Tell your prospective client that her project idea is "boring."
Points for honesty. Big demerits for lack of tact.
So here's the deal.
I met with a film director to discuss a video project that I'm developing on behalf of a new client in the architectural field. It was our first face-to-face. I really just wanted a feel for how we'd connect, relate, communicate.
I will own that I am a far better writer than a talker. I will also own that I have not fully articulated the creative treatment for these videos. It's evolving. I will lastly own that I was not prepared to share, much less sell, my creative treatment.
So all of this played a part on the reaction I got. Nevertheless, I felt completely put down by his response: "talking heads are boring."
Where have I heard that before?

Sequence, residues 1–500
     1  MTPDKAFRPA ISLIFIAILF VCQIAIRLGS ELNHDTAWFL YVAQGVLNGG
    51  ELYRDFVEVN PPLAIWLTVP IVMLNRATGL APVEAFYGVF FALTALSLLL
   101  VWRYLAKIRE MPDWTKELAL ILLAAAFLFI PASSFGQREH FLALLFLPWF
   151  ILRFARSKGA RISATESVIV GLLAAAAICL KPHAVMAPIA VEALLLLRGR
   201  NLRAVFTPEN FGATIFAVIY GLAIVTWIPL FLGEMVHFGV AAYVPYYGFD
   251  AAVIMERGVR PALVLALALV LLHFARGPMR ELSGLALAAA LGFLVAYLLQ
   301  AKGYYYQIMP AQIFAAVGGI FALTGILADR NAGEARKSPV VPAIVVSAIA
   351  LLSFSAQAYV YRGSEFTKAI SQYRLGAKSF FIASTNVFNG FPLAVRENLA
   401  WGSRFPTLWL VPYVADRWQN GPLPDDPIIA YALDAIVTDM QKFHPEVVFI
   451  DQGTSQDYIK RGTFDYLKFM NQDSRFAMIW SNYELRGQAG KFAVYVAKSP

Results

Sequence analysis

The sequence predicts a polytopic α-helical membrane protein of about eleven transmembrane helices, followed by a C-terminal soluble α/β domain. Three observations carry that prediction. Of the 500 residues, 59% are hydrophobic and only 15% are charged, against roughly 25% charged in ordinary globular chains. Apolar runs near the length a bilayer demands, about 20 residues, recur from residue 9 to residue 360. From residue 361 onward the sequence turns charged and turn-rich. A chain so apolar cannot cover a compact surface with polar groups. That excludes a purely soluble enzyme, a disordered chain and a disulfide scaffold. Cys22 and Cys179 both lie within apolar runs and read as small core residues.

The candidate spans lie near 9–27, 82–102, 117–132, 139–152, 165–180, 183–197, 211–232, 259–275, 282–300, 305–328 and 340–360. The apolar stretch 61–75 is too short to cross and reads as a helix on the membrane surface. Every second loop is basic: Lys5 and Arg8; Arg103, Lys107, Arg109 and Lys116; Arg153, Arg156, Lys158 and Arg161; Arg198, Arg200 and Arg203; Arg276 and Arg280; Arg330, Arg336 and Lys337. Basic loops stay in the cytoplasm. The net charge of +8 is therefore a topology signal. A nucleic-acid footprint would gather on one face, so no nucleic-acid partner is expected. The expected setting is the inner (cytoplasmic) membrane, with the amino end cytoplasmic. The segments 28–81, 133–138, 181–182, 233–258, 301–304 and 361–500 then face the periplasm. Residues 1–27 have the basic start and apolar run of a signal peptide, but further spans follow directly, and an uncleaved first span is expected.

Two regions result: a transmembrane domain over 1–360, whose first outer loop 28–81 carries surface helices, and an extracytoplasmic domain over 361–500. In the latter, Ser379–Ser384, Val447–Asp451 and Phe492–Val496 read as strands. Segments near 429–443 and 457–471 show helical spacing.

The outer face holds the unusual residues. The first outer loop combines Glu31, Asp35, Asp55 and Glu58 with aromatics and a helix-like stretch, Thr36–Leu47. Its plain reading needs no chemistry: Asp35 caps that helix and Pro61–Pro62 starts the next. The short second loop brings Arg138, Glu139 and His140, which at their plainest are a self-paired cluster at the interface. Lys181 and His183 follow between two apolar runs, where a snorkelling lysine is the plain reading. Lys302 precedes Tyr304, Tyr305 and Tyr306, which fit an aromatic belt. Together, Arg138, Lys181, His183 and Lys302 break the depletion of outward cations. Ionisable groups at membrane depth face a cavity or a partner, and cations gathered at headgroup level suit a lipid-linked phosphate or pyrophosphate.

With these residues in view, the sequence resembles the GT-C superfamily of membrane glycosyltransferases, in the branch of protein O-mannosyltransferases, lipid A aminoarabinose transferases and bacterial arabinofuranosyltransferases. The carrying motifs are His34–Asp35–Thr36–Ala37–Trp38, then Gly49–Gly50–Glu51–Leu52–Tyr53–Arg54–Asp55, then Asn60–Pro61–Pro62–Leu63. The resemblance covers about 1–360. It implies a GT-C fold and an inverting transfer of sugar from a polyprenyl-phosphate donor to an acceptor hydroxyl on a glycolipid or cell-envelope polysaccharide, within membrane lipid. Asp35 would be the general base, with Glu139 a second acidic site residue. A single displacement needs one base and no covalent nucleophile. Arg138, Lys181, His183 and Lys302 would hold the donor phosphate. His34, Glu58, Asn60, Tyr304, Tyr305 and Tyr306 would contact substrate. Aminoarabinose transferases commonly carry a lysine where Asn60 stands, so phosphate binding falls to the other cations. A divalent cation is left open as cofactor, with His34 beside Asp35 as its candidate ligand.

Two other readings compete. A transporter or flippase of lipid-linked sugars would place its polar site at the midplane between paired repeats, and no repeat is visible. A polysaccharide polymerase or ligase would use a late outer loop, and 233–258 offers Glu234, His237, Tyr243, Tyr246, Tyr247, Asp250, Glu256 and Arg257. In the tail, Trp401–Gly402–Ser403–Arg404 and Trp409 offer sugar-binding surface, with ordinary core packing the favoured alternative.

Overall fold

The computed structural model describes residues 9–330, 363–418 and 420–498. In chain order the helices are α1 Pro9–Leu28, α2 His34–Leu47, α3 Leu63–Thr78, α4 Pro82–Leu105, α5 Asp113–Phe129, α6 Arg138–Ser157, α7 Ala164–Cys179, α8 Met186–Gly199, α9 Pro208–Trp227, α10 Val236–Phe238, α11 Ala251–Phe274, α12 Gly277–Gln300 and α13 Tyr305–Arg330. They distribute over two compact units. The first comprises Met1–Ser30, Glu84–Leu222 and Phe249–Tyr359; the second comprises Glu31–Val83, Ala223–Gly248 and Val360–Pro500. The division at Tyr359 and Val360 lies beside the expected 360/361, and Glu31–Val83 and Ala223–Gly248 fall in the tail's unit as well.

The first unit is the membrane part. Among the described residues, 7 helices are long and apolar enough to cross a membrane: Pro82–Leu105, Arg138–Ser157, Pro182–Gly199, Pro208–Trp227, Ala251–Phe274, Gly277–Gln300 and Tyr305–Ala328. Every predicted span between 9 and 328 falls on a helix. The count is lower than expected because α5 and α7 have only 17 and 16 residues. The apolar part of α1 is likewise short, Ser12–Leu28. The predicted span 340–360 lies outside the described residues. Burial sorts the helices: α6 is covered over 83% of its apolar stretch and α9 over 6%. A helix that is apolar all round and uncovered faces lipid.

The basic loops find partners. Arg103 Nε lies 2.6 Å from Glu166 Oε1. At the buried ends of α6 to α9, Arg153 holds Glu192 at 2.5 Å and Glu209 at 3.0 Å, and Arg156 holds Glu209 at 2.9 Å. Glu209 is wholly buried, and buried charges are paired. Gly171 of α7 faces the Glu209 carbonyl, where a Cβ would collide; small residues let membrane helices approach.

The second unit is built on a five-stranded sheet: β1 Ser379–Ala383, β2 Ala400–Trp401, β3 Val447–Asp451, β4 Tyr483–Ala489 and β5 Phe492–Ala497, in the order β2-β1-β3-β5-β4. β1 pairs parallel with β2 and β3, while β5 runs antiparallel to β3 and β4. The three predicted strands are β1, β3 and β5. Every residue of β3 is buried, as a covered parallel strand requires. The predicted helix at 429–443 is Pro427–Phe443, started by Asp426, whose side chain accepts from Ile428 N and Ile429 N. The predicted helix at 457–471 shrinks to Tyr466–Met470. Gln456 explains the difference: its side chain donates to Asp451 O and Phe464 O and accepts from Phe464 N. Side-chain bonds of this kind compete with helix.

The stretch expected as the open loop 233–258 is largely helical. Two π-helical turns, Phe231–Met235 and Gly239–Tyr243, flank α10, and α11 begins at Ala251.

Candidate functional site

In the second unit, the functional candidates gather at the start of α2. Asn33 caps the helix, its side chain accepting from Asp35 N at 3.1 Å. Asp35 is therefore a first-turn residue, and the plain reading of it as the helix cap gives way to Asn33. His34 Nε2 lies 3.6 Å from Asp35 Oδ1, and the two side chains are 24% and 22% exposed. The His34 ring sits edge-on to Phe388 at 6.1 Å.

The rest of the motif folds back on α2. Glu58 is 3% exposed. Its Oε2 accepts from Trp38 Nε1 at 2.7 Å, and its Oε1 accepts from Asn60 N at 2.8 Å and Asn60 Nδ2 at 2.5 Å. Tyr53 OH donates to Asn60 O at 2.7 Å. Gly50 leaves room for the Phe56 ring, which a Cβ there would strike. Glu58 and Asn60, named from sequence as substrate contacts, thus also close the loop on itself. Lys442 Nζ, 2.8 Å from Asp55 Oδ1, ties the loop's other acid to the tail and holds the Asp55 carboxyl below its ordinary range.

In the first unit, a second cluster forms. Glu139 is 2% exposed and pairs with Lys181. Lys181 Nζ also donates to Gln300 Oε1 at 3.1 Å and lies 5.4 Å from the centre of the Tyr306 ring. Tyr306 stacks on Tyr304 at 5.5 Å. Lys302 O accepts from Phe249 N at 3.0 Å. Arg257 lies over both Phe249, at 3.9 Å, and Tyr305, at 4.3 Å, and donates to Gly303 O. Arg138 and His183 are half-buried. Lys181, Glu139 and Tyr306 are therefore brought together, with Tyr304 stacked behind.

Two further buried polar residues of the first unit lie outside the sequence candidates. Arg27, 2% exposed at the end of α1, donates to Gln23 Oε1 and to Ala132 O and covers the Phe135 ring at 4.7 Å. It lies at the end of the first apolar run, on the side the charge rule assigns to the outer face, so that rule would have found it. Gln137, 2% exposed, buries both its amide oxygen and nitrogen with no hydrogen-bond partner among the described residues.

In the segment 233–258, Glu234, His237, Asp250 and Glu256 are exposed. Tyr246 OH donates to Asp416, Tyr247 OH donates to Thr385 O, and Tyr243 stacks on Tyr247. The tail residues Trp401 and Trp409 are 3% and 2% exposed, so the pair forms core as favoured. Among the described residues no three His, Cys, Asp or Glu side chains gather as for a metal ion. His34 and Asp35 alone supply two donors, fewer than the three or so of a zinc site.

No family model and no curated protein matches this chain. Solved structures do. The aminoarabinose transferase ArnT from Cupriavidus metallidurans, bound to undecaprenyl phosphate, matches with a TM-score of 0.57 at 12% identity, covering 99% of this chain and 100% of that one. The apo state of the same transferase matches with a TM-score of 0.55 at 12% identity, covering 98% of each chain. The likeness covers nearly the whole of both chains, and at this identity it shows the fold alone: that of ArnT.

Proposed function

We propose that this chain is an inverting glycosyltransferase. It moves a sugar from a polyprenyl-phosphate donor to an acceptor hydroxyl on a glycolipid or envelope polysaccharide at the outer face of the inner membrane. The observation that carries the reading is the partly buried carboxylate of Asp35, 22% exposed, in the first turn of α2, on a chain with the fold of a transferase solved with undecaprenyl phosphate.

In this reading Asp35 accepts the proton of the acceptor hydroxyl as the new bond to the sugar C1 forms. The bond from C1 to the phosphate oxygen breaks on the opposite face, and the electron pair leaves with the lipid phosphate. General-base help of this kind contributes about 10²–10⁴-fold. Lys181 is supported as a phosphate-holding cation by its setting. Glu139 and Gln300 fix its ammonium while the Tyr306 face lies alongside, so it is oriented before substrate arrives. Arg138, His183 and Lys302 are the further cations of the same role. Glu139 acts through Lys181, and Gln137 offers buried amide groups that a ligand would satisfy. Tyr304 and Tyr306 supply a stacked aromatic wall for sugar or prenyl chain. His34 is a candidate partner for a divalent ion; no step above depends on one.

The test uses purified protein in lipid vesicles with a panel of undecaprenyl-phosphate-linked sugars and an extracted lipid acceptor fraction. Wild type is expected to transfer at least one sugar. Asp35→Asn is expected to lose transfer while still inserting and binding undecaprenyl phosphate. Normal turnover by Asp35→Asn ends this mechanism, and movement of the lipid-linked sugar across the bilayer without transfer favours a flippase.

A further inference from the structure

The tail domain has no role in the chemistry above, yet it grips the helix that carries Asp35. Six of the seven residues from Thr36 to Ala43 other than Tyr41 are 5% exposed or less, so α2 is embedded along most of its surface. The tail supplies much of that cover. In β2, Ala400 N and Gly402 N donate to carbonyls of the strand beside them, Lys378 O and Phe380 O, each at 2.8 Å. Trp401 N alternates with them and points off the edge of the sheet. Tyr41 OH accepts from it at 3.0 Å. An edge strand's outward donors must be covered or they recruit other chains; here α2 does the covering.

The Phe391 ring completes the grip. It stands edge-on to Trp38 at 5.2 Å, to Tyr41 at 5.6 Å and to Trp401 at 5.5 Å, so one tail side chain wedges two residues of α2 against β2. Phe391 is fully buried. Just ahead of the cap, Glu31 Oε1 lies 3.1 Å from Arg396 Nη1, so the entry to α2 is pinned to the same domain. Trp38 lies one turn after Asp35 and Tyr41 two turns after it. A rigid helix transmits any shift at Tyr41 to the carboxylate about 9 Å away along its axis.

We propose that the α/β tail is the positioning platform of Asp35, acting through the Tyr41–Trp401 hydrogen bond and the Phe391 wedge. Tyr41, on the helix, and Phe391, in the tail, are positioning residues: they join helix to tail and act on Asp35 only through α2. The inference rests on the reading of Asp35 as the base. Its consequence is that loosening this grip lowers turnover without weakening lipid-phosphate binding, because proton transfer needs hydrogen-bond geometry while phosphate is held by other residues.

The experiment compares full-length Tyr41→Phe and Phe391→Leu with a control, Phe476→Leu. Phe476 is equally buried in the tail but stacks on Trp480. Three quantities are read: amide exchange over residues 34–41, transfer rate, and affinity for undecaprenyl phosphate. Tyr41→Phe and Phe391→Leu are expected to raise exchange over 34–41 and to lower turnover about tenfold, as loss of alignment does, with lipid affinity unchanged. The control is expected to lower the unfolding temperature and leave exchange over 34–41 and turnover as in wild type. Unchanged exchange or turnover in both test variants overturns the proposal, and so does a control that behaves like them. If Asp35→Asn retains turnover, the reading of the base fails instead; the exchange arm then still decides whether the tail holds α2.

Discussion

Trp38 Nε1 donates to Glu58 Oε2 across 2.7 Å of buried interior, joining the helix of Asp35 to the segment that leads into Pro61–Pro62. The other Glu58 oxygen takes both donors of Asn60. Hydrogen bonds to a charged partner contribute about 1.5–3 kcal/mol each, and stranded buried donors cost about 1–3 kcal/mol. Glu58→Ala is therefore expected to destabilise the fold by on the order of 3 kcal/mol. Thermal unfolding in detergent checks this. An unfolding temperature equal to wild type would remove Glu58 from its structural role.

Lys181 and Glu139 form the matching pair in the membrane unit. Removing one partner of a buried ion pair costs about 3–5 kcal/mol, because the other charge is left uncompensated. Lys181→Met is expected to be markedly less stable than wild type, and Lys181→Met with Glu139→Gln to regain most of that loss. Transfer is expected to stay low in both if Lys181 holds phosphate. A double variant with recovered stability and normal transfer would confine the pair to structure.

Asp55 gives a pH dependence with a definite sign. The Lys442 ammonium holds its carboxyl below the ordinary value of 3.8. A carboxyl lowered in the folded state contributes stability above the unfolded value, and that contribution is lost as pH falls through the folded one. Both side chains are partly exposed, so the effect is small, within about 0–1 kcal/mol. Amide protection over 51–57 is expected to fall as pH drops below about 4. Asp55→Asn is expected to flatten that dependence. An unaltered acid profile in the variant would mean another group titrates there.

Oh, yes. Almost every time I meet with a film or television producer.
Yet my corporate clients loved talking head videos. I created a highly imaginative showcase to articulate their ideas. None of my productions would win any awards, but they served my clients' purposes: to put a face on the executive team, to animate core values, boost morale and so on.
So my response this rather tactless put-down, unintended I'm sure?
It depends on who's talking, what he's saying and to whom?
Bill Clinton is one of the sexiest, most interesting talking heads I've ever seen. I would gladly watch Robert DeNiro read the phone book. And is anyone more captivating than Meryl Streep, saying anything?
I'm a very imaginative woman, knowledgeable and excellent at my craft. That doesn't give me the right to piss on anyone else's vision.
I don't want to dismiss my clients ideas; I want to draw out what's important to him, what he knows, doesn't know, what he cares about and what he fears.
Only after I've walked in his shoes can I hold his hand through a very unfamiliar process in what promises to be a challenging project and emerge on the other side tighter, closer and better partners than when we began.
He won't get a second chance.